Limitations to the Production of Skyscrapers

THE development of the American city, it may safely be assumed, will be governed by economic rather than by artistic considerations. The few attempts to regulate or to encourage its growth by municipal ordinance have simmered down to an occasional and unusually ineffectual law regulating the height of office buildings, and to the appointment of “art commissions ” and “ supervising architects ” whose powers are chiefly advisory and limited to the artistic inspection of municipal public works. Any such rigid supervision of urban growth, with an eye to the maintenance of a general architectural coherence, as is the rule in several European cities, is apparently a phase of municipal authority entirely foreign to the genius of the American system. American utilitarianism, indeed, has perhaps reached its profoundest expression in the wild and unkempt luxuriance with which our great metropolitan city, New York, has been permitted to evolve itself uninterfered with by the culturing hand of the mere artist. The real estate operator and the speculative builder have been its architectural mentors; the necessity of deriving the maximum rental income at the minimum expense has been the only inspiration or responsibility they have known. This is especially the case in the production of the modern American office building, as instanced in the recent large undertakings of the kind in New York. In the skyscraper’s early days, there were slight attempts made to introduce “art ” into its construction. This usually took the shape of more or less patent attempts to conceal the height by elongating the windows, by the introduction of balconies and other ornamental designs at various intervals, and by highly elaborate bases and capitals, the latter frequently terminating in towers, Mansard roofs, and the like. The general recognition of the fact that the artistic shortcomings of the skyscraper centred in the general design rather than in its execution, as well as the additional expense, have resulted in the almost total abandonment of these ineffectual struggles for architectural effect. It was found, among other things, that highly carved balconies at the eighteenth and twentieth stories were not additional attractions to tenants; and that Mansard roofs paid no rent. The skyscraper, in its latest manifestation, therefore, consists of a succession of prosaic stories, one upon another, the whole rising sheer from earth heavenward, its monotony unrelieved by the slightest ornamentation. The largest office building in the world, the Broad Exchange, at the southeast corner of Broad Street and Exchange Place, New York, rising to a height of twenty stories, and occupying 27,000 square feet of ground space, is the final word in what may be called the modern economic system of office construction. The building was erected by a syndicate of operators as a speculative enterprise, and represents invested capital of not far from $7,500,000. Of that $7,500,000 hardly a dollar has been spent in non-productive ornamentation; the whole operation has been conducted with an eye single to rental income.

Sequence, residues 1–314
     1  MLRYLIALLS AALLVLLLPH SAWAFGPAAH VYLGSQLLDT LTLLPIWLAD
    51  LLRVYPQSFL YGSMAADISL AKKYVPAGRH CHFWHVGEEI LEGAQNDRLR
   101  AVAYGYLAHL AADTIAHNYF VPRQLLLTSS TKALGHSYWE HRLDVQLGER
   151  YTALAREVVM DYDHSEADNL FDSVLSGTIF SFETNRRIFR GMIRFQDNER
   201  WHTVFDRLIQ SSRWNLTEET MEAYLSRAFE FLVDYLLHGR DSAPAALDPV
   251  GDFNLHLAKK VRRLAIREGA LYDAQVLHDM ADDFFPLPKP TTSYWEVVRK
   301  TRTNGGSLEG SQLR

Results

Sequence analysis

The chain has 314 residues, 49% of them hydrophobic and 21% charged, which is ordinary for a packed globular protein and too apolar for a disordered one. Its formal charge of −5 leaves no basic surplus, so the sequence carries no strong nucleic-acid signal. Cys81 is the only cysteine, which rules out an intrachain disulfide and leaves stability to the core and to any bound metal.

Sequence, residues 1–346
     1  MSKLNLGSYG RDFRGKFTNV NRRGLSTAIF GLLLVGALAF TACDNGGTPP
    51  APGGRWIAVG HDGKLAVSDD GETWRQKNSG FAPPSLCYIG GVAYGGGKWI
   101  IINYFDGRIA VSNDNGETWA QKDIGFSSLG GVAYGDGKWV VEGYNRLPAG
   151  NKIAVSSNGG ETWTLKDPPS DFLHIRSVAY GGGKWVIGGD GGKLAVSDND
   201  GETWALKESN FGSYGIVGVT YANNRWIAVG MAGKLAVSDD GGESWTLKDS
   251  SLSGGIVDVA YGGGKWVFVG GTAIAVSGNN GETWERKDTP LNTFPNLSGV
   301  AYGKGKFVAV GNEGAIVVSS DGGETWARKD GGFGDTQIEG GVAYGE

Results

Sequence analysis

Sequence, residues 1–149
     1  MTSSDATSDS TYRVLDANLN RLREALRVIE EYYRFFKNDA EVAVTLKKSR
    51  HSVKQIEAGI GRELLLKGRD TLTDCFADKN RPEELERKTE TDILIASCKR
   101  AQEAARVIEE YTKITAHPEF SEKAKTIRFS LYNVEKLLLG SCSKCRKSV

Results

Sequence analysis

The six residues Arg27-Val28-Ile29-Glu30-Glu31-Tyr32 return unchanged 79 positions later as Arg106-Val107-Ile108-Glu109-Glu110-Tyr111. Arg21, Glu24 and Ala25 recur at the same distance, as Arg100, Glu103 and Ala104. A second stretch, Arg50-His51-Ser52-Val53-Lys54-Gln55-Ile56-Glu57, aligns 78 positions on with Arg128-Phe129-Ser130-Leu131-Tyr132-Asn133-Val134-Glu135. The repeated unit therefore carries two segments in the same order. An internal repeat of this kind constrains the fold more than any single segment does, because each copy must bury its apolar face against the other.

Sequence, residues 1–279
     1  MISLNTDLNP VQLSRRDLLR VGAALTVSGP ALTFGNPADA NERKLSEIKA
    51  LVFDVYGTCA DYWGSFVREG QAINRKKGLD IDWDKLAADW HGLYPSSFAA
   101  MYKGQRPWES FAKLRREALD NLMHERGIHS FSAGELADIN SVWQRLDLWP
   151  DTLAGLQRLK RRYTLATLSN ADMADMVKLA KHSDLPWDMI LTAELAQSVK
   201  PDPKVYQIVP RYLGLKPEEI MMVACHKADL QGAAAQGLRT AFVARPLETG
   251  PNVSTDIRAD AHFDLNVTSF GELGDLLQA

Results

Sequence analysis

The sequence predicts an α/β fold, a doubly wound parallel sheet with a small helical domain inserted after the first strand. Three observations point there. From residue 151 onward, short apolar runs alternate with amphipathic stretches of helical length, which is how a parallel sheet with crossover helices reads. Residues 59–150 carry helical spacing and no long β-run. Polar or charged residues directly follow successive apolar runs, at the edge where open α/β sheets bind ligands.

All these, of course, are lamentable facts. The situation is especially unfortunate in that the largest of our American cities are still, to a great extent, virgin soil; that is to say, they are undergoing a process of rebuilding, are shaking off the old wornout crust and taking upon themselves a new garb. The invention of the modern elevator and the development of the modern system of steel construction have worked such a revolution in land values that the re-improvement of the property becomes an economic necessity. New York city, for example, even in its most thickly settled parts, is practically vacant land; its old office buildings are demolished to make room for large structures upon which a living income can he figured out, its old private houses are removed and replaced with six story flats, its flats in their turn are razed to furnish building sites for modern apartment houses and hotels. It thus happens that the building and architectural future of New York is all before it; and the question therefore rises concerning the use which this and other American cities with similar conditions are to make of their opportunities; whether, especially in their business sections, they are to become architectural blots, or whether there is any chance of their development along more pleasing lines. The public is so frequently entertained with forecasts of our great American cities twenty-five and fifty years hence, reconstructed with rows of twenty-five and thirty story buildings, with yawning apertures between that do service as streets, that it now almost regards some such outcome as inevitable, and, indeed, has become quite reconciled to the fact. The critical mind, disposed to make the best of a bad situation, has even detected in the skyscraper virtues unseen before; if it did not suggest beauty, it at least suggested strength and massiveness; it was something new, American, a physical expression of the modern spirit. That the tall office building is a permanent feature of modern urban development is evident enough; but the point absolutely overlooked is that this development has its great limitations, that these limitations, at least in New York city, have been nearly reached already, and that the number of new enterprises of the kind, instead of constantly increasing, is almost certain to decrease. It is a mistake to assume hastily that the whole of New York city is to be built up in this way; that the length of Broadway, for example, is to be lined with twenty-five story buildings; that smaller structures of more ornate design are forever barred. As a matter of fact, our huge modern buildings have made absolutely essential the construction of smaller structures; it is the gaunt skyscraper itself which makes inevitable the dedication of a considerable part of the city to a radically different growth.